After existing in relative obscurity for the past two years on the ill-fated Youtube Red platform, “Karate Kid” reboot series “Cobra Kai” shot to number 1 on Netflix immediately following its late August release.

With a third season on the horizon for 2021, “Cobra Kai” viewers are being treated to a series that managed to avoid the pitfalls of such nostalgia attempts as “Fuller House,” “Girl Meets World,” and “BH90210.” Where those shows seemed to miss the mark completely with awkward, forced attempts at re-creating the past, “Cobra Kai” delivers a championship-quality, roundhouse kick to the face.

The show pits former high school rivals Daniel Larusso (Ralph Macchio) and Johnny Lawrence (William Zabka) at odds once again. The clever creation team of Josh Heald, Jon Hurwitz and Hayden Schlossberg creatively and eloquently give homages to the past. At the same time, they are also telling a real and believable story about Johnny and Daniel’s lives since the All-Valley Karate Tournament of 1984.

The character of Johnny is a downtrodden, former trust fund stepchild that is 80’s rock obsessed and internet dense. He commands much of the viewer’s sympathy throughout the series . Meanwhile Daniel Larusso is now in the role of successful business tycoon.

The series intensifies as Johnny reopens the Cobra Kai dojo. He begins training students while Daniel is able to reignite his passion for Karate and channels the tutelage of Mr. Miyagi to open his own dojo as well.

The music showcased in “Cobra Kai” is also a nostalgic treat. From Ratt to Reo Speedwagon, the music hits just the right nerve to put you back in the 1980’s. The songs are cleverly used in a sense that they don’t necessarily feel dated or out of place.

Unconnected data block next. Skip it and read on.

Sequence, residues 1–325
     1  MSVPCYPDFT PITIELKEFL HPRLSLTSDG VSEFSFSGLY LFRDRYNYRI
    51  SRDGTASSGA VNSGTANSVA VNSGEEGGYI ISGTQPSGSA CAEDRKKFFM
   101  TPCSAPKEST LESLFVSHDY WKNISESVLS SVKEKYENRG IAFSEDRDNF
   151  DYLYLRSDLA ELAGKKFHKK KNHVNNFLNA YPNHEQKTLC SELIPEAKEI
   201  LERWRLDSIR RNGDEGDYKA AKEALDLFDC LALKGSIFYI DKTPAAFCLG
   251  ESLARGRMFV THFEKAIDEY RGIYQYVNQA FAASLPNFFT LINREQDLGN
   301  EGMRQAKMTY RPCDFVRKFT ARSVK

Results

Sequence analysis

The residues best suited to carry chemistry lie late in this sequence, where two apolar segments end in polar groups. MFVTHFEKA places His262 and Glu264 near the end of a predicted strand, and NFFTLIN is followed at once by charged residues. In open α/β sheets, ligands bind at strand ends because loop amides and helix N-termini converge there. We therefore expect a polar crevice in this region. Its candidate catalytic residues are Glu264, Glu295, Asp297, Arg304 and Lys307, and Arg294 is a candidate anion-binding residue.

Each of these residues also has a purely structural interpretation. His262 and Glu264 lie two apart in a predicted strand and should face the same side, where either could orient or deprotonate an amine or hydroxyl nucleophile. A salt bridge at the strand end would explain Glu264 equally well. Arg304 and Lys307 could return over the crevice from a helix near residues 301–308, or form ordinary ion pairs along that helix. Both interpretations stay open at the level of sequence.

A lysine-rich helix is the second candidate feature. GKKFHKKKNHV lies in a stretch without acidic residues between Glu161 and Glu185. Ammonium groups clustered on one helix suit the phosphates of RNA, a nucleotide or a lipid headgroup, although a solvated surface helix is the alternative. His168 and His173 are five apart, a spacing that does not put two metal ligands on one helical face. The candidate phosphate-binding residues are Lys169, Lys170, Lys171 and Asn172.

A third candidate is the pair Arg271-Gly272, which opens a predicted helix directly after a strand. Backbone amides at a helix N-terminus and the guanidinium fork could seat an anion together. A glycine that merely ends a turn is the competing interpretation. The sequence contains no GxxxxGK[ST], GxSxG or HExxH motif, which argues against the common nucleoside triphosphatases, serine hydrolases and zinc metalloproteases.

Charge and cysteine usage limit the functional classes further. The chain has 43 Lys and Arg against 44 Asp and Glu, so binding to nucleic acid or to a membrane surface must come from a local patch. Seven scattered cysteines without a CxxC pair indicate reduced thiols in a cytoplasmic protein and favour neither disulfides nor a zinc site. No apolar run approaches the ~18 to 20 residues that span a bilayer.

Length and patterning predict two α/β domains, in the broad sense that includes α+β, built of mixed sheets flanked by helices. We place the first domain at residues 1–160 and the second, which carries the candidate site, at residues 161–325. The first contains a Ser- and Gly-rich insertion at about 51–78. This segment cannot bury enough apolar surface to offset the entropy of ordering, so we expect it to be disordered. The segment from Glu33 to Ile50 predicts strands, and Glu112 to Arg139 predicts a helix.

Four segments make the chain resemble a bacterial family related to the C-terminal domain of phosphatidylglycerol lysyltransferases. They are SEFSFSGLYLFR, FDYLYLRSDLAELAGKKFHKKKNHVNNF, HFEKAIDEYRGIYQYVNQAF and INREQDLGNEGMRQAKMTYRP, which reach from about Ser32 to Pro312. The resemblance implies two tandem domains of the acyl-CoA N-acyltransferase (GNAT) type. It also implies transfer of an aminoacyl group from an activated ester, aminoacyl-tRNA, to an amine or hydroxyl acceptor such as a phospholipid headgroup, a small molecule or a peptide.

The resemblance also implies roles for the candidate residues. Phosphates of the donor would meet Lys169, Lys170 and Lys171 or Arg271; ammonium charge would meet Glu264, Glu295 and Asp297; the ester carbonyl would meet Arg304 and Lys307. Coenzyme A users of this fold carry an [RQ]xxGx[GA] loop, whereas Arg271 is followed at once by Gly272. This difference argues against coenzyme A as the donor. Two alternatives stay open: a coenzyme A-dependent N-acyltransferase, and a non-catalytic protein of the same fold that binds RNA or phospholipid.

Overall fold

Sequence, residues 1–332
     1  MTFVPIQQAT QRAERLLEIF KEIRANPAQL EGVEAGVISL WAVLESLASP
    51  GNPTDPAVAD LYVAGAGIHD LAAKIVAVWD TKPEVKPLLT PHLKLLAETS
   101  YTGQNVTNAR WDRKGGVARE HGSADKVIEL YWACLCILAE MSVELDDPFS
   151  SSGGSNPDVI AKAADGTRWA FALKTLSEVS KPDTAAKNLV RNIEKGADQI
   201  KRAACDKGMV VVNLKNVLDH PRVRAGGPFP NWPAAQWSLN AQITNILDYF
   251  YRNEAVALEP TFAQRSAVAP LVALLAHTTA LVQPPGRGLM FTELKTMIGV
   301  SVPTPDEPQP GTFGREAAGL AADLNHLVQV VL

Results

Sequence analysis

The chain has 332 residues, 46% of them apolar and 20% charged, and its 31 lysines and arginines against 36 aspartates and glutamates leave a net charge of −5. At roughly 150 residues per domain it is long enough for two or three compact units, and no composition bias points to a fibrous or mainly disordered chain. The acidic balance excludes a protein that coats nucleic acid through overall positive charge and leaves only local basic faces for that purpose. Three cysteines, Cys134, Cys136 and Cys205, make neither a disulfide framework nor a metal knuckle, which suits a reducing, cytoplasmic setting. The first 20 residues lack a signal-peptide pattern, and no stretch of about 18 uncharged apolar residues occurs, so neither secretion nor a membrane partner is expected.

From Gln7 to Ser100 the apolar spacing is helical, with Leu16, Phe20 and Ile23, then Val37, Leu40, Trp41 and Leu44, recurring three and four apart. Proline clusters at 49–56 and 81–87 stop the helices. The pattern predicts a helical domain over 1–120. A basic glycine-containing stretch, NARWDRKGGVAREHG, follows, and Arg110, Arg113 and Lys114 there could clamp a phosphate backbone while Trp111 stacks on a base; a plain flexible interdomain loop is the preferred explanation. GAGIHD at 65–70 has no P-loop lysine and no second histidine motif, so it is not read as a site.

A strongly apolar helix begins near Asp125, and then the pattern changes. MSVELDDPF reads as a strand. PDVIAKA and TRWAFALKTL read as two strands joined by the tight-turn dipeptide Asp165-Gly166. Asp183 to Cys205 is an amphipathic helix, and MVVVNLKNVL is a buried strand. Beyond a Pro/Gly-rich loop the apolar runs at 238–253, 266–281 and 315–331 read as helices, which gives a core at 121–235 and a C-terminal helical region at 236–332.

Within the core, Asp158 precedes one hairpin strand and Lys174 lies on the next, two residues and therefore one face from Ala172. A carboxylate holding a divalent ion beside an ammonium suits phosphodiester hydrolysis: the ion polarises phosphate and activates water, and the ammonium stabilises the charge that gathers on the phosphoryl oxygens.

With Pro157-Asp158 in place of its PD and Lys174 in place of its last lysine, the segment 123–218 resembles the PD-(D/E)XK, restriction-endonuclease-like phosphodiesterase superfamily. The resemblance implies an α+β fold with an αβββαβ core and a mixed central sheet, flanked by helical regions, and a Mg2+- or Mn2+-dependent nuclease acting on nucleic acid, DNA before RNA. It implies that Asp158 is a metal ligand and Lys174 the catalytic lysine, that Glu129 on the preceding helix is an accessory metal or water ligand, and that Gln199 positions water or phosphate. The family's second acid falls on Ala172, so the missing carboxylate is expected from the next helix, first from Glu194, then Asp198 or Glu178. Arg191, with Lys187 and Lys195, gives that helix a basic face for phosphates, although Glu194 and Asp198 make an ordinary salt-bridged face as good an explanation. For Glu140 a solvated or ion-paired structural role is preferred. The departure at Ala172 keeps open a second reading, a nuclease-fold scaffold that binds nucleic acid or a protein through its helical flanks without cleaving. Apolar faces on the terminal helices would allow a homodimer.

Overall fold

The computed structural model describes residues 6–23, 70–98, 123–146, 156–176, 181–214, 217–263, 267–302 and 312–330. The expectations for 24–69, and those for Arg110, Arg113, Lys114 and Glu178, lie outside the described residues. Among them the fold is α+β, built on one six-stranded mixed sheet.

Cobra Kai as the gold-standard

In an almost unfathomable twist of events, the actual high kids used in the show are (gasp) relatable! This is uncommon with regards to movies and television today but the characters are well-cast and quite believable in their roles.

Xolo Maridueña is certainly a stand out as Miguel, a fatherless afterthought that finds strength and leadership under the guise of Lawrence and the Cobra Kai dojo.

We are also slowly introduced to key characters from “Karate Kid” lore. The emersion of Sensei Kreese (played by Martin Kove) was a jaw-dropping moment that ended season 1. Several clues point to the fact that Ali, Chozen (Part II) and possibly even Mike Barnes (Part III) could be involved in season to come.

“Cobra Kai” has established itself as the gold-standard amongst the many attempts of classic throwbacks. Through diverse storytelling, engaging characters and near perfect tone, the show’s massive success should come as no surprise. The complete and utter failure of the Fuller Houses etc. should lead to fewer attempts at cashing in on past glories.

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By Clint Switzer

Full-time sports fan, part-time contributor to society. Starcade Media co-founder, podcast host, filmmaker and writer.